Skip to main content

Jim Hopson, former Sask. Roughriders president and CEO has died

Share

Jim Hopson, the former president and CEO of the Saskatchewan Roughriders has died, his family confirmed Wednesday morning.

According to Hopson’s family he died surrounded by family and friends on Tuesday, April 2.

Hopson was first diagnosed with stage four colon cancer in April of 2021 and announced in January 2024 that he was no longer undergoing treatment. 

Born in Regina in 1951, Hopson played high school football for Thom Collegiate. After graduating he moved on to the Regina Rams junior football team and eventually the Saskatchewan Roughriders, where he was an offensive lineman for four seasons from 1973 to 1976, playing alongside the likes of Ron Lancaster and George Reed.

Hopson announced his retirement as a player following the 1976 Grey Cup game. He then became a full time teacher and eventually a principal and director of education for what is now the Prairie Valley School Division, spending more than 30 years in the education sector.

Hopson obtained his Education Degree from the University of Regina while playing for the Rams junior football team and Riders. He also obtained a Masters Degree from the University of Oregon.

Hopson was named the Riders’ first full time president and CEO in 2005, a role he held until he announced his retirement in 2015.

Under Hopson’s guidance the Riders won Grey Cup championships in 2007 and at Mosaic Stadium at Taylor Field in 2013. The team also appeared in Grey Cup finals in 2009 and 2010.

The Riders had a record of 96-84-1 during Hopson’s time as president and CEO and posted regular profits after years of financial instability in the 1990s.

“He ushered in a decade of exponential growth for the club’s business operations, football operations and Rider Pride,” the Saskatchewan Roughriders said on its website Wednesday morning.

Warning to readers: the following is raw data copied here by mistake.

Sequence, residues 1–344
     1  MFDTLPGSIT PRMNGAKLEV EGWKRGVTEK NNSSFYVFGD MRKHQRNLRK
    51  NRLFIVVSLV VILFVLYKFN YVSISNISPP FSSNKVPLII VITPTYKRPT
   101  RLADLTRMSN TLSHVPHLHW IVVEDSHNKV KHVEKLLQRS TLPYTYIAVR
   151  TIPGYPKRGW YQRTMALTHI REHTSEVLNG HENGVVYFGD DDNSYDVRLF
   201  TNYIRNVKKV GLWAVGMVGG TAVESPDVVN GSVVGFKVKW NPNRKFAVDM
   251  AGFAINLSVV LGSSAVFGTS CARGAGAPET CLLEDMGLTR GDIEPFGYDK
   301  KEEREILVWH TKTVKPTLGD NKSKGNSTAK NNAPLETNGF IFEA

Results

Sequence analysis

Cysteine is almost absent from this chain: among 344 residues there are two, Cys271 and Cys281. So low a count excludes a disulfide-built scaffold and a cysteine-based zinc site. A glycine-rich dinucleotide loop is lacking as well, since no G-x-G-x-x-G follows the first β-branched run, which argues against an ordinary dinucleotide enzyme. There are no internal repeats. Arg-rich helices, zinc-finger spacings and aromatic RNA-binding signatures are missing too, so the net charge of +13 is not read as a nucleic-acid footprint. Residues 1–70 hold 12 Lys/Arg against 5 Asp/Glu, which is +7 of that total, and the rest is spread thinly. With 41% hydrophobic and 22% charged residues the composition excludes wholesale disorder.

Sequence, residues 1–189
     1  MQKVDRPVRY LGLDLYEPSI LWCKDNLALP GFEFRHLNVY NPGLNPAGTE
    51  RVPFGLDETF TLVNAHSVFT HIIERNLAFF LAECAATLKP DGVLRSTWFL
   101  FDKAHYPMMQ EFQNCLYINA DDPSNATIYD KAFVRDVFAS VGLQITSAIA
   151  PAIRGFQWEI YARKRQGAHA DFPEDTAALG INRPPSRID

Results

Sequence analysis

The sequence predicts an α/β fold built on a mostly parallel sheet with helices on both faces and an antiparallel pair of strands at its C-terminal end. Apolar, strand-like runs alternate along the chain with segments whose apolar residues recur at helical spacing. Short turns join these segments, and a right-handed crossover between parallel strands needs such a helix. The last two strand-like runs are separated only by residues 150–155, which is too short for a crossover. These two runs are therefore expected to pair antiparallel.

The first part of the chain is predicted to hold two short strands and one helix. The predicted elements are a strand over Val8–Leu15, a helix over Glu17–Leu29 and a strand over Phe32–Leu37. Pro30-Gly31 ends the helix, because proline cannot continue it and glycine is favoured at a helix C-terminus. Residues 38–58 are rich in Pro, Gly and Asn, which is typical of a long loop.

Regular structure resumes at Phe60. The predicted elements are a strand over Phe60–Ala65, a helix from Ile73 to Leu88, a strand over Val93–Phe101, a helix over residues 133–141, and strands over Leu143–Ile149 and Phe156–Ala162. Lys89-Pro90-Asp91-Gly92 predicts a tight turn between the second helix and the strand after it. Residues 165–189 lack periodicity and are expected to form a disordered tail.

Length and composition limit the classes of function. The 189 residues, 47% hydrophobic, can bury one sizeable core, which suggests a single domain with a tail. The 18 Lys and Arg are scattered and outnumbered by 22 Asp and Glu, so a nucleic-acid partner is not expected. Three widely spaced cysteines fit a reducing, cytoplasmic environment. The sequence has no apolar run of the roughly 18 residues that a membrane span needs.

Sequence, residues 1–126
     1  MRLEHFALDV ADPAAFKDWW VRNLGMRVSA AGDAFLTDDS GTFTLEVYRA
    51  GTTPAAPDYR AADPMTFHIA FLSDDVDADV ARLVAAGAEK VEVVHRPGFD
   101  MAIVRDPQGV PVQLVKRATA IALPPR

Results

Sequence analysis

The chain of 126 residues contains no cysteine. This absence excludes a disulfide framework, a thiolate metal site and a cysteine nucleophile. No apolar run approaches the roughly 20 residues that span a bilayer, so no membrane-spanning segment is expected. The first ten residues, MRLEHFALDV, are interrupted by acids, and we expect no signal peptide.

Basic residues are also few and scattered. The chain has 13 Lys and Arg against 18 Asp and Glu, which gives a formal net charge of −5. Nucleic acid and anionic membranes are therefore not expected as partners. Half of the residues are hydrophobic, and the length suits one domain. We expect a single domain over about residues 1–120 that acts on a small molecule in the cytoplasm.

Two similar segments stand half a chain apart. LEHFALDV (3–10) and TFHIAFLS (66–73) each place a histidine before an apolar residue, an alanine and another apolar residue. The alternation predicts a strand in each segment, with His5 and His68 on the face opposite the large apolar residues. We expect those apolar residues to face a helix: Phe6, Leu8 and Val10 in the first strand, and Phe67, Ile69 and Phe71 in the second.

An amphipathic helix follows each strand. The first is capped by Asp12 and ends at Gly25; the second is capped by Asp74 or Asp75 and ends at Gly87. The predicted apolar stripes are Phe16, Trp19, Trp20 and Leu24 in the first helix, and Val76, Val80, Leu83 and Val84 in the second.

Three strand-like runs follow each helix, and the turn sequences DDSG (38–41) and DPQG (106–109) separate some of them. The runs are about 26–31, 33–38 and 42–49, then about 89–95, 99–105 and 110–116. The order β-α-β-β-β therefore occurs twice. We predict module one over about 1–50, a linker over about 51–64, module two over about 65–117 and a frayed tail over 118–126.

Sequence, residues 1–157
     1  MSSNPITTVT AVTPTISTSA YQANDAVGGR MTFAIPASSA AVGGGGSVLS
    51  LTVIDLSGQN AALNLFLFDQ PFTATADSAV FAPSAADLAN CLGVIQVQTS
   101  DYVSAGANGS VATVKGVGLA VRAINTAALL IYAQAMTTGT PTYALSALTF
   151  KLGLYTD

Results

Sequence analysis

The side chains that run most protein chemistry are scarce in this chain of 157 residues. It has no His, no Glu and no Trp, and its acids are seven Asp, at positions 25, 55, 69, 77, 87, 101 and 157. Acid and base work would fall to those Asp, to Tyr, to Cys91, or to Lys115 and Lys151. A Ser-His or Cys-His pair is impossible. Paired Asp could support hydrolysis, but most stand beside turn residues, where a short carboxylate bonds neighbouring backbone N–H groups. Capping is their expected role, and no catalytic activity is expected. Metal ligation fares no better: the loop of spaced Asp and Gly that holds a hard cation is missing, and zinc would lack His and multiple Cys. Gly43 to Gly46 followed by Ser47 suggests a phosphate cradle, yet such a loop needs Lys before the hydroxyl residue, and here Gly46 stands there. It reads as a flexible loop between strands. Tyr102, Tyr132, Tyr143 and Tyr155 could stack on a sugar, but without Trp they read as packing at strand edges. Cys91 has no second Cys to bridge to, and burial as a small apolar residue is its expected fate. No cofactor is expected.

The Riders went from a $455 profit in Hopson’s first year as president and CEO to securing the long-term future of the franchise with large savings and investments, the team said.

“The Roughriders became the CFL’s merchandising leaders and outsold all eight other CFL teams combined. Fan engagement was at an all-time high – made possible by strong performance off the field, but also and especially on the gridiron as well,” the team said.

Hopson was inducted into the Canadian Football Hall of Fame as a builder in 2019. 

Among Hopson’s long list of acknowledgements include the Saskatchewan Centennial Medal in 2005, induction into the Junior Achievement Saskatchewan Business Hall of Fame in 2009 and the Toastmasters International Communication and Leadership Award in 2011.

Hopson also received the Queen Elizabeth II Diamond Jubilee Medal in 2012, the CFL’s Hugh Campbell Distinguished Leadership Award in 2014 and the U of R’s Alumni Associations Lifetime Achievement Award in 2015.

He was also inducted in to the Riders’ SaskTel Plaza of Honour in 2018. In 2022 Hopson was also inducted into the Regina Sports Hall of Fame and Mike Ditka’s Gridiron Greats Assistance Fund Hall of Fame.

Current president and CEO Craig Reynolds said Hopson was able to instill a belief that Roughrider football will “never fade away.”

"Jim was an optimist, someone who made you feel better by just being around him and a friend to all who knew him," Reynolds, who is expected to speak to the media Thursday morning at 9:00, said in a statement.

Hopson’s family said a celebration of life will be held on May 3 at the Conexus Arts Centre in Regina, with further details and a full obituary to be released in the coming days.

Hopson was 73.

CTVNews.ca Top Stories

How a DNA test solved the biggest mystery in one man's life

At 76 years old, Paul McLister learned the family he'd grown up with had kept a massive secret from him all his life. He also found answers to questions he'd pondered since childhood, and gained a whole new family — all because of a DNA test kit.

The shadow war between Iran and Israel has been exposed. What happens next?

Iran’s unprecedented attack on Israel early Sunday marked a change in approach for Tehran, which had relied on proxies across the Middle East since the start of the Israel-Hamas war in October. All eyes are now on whether Israel chooses to take further military action, while Washington seeks diplomatic measures instead to ease regional tensions.

Stay Connected